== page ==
How to Watch This Week's Big Ass Perseid Meteor Shower

Thank you, tiny space rocks. Because of you, the entire population of planet  will be treated to one of ’s most spectacular celestial displays. The Geminids meteor is the most active of the annual meteor showers—by a long shot—and it’s just about to peak.

Tonight, the shower might produce as many as 120 meteors per hour (though back in 2011, the Geminids hit a peak of 198 meteors per hour). Compare this count to the second most abundant shower, the Perseids, which take place in late August and out at around 60 meteors per hour.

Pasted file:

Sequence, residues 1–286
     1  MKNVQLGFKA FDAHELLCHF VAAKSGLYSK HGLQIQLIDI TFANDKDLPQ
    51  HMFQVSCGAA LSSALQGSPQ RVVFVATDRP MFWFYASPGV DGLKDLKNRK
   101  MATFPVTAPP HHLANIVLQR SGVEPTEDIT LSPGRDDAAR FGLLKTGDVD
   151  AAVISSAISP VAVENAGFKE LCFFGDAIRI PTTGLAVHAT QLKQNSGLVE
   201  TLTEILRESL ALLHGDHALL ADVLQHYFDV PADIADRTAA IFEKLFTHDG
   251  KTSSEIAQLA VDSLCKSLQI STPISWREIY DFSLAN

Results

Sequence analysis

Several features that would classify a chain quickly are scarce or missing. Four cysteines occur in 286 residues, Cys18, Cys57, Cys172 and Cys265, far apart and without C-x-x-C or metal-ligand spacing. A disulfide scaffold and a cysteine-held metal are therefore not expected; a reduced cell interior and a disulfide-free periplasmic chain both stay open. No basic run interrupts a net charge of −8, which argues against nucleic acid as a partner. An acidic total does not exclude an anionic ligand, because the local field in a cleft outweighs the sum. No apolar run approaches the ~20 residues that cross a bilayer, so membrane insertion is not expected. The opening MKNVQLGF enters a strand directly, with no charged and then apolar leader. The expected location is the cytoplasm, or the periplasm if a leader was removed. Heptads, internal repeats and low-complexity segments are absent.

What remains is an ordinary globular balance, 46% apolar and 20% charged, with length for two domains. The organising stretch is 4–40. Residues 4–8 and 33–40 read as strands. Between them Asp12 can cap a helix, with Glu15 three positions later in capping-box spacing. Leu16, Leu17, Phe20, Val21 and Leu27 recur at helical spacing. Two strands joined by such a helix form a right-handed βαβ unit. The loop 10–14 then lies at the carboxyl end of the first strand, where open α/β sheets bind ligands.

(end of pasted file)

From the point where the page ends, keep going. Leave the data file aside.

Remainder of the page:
The annual December display is largely due to asteroid 3200 Phaethon, a three-mile wide chunk of rock that crosses the paths of all the inner rocky planets and closer to the sun than any other named asteroid. As ol’ 3200 heats up to the sun during its 1.5-year orbit, it expels materials and a trail much like a (indeed, it is sometimes to as a “rock ”). But that’s not the full story. Recent observations have shown that 3200 mostly expels dust as it is baked by the sun. And while this periodic “dusting” does help replenish the debris field, it’s not enough to account for all the Geminids’ activity.